Theatre Terms | Page 43 | AACT

Theatre Terms

image of question markAs a service to the theatre community, AACT provides over 1000 definitions of theatrical terms.  Fully searchable, our glossary is helpful for technical staff, directors, actors, producers, or anyone wanting to better understand the inner workings of theatre.

Click on a letter (A-Z) below to find terms beginning with the specified letter, OR enter a word in "Search for Term" OR search by entering a word in "Words in Definition." For example, entering the word "curtain" would display all words whose definition includes that word. (Note: If the A-Z or word search has been activated, it must be reset before using "Search for Term" or "Words in Definition." To reset the A-Z search: Click Here)

NOTE: After using the ABC search function below, click here to reset.

A | B | C | D | E | F | G | H | I | J | K | L | M | N | O | P | Q | R | S | T | U | V | W | X
Term Definition Link
REPERTORY A form of organization, usually with a permanent company of actors, where each production has a run of limited length. At any time, there is normally one production in performance, another in rehearsal and several others in varying degrees of planning.
REPRESENTATIVE The individual or company representing the interests of the playwright, who licenses his or her work for production. The representative's responsibilities include enforcing copyright law (prohibiting changes to the show, monitoring unlicensed productions), and securing an appropriate royalty for the author.
RESISTANCE DIMMER A now obsolete method of dimming which decreases the current available to the load by introducing a variable resistance between supply and load. The excess current is converted into heat. Based around a rheostat.
RESTRICTED Performance rights to a play may not be available if a play is running on or off-Broadway, or is on national tour. Or a professional theater in your area may have secured rights to produce the play, barring all other local productions until its run has closed. The availability of a play can change from day to day, which is why restrictions don't appear in most play catalogs. Restrictions exist because professional producers and touring groups pay much higher royalties than nonprofessionals, thus guaranteeing them exclusivity and a certain amount of freedom from competition. As a rule, all productions in New York and Los Angeles must be cleared, so allow for extra time if your theater is located in these areas. Other major cities like Chicago, Seattle or San Francisco may require additional clearance as well.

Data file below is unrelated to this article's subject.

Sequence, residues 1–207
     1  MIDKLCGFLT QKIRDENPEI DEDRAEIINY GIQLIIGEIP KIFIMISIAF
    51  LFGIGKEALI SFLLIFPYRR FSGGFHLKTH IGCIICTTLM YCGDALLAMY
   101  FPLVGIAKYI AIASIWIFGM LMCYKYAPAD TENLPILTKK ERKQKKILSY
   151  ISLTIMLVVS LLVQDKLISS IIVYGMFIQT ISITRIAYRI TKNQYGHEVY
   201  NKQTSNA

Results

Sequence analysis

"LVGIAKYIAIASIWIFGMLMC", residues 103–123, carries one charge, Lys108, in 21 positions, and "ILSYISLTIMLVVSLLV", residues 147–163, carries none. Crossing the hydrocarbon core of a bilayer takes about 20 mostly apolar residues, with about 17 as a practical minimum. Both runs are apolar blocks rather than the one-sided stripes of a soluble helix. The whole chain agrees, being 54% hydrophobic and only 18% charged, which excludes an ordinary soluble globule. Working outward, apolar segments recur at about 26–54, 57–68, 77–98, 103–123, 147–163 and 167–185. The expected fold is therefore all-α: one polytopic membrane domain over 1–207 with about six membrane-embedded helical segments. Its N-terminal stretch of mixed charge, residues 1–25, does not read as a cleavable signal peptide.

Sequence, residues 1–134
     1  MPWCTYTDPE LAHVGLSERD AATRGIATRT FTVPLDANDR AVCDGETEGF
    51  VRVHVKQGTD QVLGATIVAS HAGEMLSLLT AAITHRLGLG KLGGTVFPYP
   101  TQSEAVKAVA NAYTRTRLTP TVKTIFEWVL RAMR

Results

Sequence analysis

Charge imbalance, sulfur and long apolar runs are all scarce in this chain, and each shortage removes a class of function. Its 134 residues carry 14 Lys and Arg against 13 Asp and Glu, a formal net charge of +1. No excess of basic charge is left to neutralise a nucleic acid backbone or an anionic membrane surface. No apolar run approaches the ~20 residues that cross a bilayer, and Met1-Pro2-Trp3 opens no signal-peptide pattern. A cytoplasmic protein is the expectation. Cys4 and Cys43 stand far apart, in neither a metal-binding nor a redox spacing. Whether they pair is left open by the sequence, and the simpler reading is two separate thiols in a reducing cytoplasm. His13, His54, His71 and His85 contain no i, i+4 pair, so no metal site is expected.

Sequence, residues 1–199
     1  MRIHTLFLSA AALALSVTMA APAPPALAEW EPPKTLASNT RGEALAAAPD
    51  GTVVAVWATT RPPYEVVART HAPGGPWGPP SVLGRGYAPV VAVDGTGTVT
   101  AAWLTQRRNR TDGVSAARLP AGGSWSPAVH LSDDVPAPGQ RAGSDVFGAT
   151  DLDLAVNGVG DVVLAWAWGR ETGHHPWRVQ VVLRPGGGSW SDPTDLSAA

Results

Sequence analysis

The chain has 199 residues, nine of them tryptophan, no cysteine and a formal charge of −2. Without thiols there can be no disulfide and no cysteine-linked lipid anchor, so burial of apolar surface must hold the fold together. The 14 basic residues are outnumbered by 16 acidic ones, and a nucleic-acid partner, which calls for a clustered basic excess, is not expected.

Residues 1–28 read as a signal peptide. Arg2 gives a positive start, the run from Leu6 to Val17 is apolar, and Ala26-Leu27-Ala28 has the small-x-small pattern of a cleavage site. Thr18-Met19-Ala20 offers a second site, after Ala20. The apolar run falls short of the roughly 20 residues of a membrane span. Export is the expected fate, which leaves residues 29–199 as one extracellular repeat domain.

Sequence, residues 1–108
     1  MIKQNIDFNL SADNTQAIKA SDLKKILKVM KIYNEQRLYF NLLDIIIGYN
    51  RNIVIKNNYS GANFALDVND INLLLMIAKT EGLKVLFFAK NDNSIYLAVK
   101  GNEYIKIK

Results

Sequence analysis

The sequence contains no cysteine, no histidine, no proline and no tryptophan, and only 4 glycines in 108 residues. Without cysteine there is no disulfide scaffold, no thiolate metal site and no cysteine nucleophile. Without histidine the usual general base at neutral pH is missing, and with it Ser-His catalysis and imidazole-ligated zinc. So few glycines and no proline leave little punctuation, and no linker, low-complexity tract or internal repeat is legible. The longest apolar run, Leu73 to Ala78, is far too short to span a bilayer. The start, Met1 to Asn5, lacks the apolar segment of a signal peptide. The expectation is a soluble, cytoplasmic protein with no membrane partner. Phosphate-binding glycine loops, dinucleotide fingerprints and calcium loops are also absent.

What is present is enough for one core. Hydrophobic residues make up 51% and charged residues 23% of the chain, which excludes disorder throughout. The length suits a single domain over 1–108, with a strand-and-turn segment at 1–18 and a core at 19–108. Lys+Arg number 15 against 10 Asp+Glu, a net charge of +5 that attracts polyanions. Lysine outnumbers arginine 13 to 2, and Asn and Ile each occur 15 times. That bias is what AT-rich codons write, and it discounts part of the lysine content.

RETROFIT A modification that can be made to an existing piece of equipment after purchase to bring it up to date.
RETURN 1) Flats joined to the DS edge of flats of a set or unit that "return" into the wings. They help mask and also keep the DS edge of a set from looking raw. 2) A financial report given to theatre management staff by the box office manager on a daily or weekly basis setting out the takings for performances. 3) Route for an auxiliary signal back into a sound mixer.
REVEAL A return which is at right angles to a flat, and suggests the depth of a window, wall, doorway etc.
REVERB (Reverberation) 1) Effect which may be added to sound effects during recording or to a voice during performance. Sustains the sound longer than normal, as if the sound was reverberating around a large building (e.g. cathedral). 2) Persistence of sound after the source has ceased.
REVOLVE A turntable built into the stage floor on which scenery can be set and then driven into view. Can be electrically chain driven, or manually pushed into position. A revolve can also be built on top of an existing stage.

A series of songs, dances, and sketches, assembled to present a theme, but without a plot or through storyline. Examples include Cats, Ain't Misbehavin', You're A Good Man Charlie Brown, and I Love You, You're Perfect, Now Change.

RF Radio Frequency
RIAA Record Industry Association of America. The standard equalization to be applied to a signal from a record deck pick-up. Phono pre-amps have RIAA circuitry built-in.
RIG 1) The construction or arrangement of lighting equipment for a particular production. (noun) 2) Installing lighting, sound equipment and scenery etc for a particular show. (verb)
RIGGING Collectively, the ropes, wires, blocks, pulleys, pins, counterweights, and other pieces of equipment needed in the manipulation of scenery and stage drapery. A simple counterweight system is based on the principle of establishing a balanced set of weights that allow a stagehand to raise and lower various loads with minimal effort. Complete rigging systems consist of one or more counterweight sets. Each is comprised of a pipe batten suspended from lifting cables which pass over loft block sheaves, then over the head block at one side of the stage and down to the counterweight arbor.
RIGHT CENTER or CENTER RIGHT A stage position or area just to the right (the audience's left) of the exact center of the stage.
RIGHTS The author, via the representative or publisher, confers on a theater company the right to produce a staged production as set forth in the contract signed by the producing company.
RISER 1) Any platform on stage. For instance, the series of platforms for choral presentations are called choral risers, the rostrum on which a drum kit and drummer is positioned is the drum riser. 2) The vertical portion of a step which gives a set of treads its height.
ROAD MANAGER (ROADIE) Touring technician with one night shows, particularly music groups. Large groups will have a roadie in charge of a particular instrument or set of instruments who is responsible for the correct unloading and setting up (tuning etc) of the instruments before the artists arrive onstage for the sound check.
ROAD SHOW A touring production.


  • Facebook
  • AACT on Instagram
  • AACT on LinkedIn
Authorize.Net Merchant - Click to Verify Credit Card Merchant Services